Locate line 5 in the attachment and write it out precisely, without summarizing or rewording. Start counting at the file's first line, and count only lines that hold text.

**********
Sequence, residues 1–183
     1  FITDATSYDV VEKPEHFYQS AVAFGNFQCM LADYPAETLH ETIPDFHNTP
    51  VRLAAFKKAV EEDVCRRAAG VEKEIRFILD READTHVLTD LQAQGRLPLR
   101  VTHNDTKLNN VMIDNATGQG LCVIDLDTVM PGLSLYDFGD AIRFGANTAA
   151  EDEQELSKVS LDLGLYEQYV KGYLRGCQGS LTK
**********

   151  EDEQELSKVS LDLGLYEQYV KGYLRGCQGS LTK